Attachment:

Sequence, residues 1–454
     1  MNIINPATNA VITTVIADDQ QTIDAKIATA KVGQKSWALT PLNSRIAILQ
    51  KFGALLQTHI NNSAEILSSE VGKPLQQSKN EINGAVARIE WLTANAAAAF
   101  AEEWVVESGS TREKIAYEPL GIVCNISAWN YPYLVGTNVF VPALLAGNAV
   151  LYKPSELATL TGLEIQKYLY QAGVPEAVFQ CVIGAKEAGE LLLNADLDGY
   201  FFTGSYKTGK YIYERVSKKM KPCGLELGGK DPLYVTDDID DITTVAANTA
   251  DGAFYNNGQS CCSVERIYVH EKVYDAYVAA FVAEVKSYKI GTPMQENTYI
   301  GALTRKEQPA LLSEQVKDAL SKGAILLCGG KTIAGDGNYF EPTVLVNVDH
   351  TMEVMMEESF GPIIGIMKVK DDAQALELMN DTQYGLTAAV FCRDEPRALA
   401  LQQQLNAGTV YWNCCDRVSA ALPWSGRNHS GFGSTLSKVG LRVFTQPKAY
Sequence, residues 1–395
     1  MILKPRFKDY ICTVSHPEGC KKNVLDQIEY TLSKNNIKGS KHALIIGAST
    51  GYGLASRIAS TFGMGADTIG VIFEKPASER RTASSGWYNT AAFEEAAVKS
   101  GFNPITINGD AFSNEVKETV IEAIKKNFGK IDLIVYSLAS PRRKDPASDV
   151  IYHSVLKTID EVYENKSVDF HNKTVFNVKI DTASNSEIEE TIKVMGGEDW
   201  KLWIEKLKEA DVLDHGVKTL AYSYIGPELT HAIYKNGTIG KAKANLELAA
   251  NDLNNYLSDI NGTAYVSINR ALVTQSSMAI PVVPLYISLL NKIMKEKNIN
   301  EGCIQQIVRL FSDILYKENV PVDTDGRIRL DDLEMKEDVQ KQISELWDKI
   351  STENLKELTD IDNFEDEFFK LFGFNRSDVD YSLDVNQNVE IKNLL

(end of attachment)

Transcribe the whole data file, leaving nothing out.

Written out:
Sequence, residues 1–454
     1  MNIINPATNA VITTVIADDQ QTIDAKIATA KVGQKSWALT PLNSRIAILQ
    51  KFGALLQTHI NNSAEILSSE VGKPLQQSKN EINGAVARIE WLTANAAAAF
   101  AEEWVVESGS TREKIAYEPL GIVCNISAWN YPYLVGTNVF VPALLAGNAV
   151  LYKPSELATL TGLEIQKYLY QAGVPEAVFQ CVIGAKEAGE LLLNADLDGY
   201  FFTGSYKTGK YIYERVSKKM KPCGLELGGK DPLYVTDDID DITTVAANTA
   251  DGAFYNNGQS CCSVERIYVH EKVYDAYVAA FVAEVKSYKI GTPMQENTYI
   301  GALTRKEQPA LLSEQVKDAL SKGAILLCGG KTIAGDGNYF EPTVLVNVDH
   351  TMEVMMEESF GPIIGIMKVK DDAQALELMN DTQYGLTAAV FCRDEPRALA
   401  LQQQLNAGTV YWNCCDRVSA ALPWSGRNHS GFGSTLSKVG LRVFTQPKAY
Sequence, residues 1–395
     1  MILKPRFKDY ICTVSHPEGC KKNVLDQIEY TLSKNNIKGS KHALIIGAST
    51  GYGLASRIAS TFGMGADTIG VIFEKPASER RTASSGWYNT AAFEEAAVKS
   101  GFNPITINGD AFSNEVKETV IEAIKKNFGK IDLIVYSLAS PRRKDPASDV
   151  IYHSVLKTID EVYENKSVDF HNKTVFNVKI DTASNSEIEE TIKVMGGEDW
   201  KLWIEKLKEA DVLDHGVKTL AYSYIGPELT HAIYKNGTIG KAKANLELAA
   251  NDLNNYLSDI NGTAYVSINR ALVTQSSMAI PVVPLYISLL NKIMKEKNIN
   301  EGCIQQIVRL FSDILYKENV PVDTDGRIRL DDLEMKEDVQ KQISELWDKI
   351  STENLKELTD IDNFEDEFFK LFGFNRSDVD YSLDVNQNVE IKNLL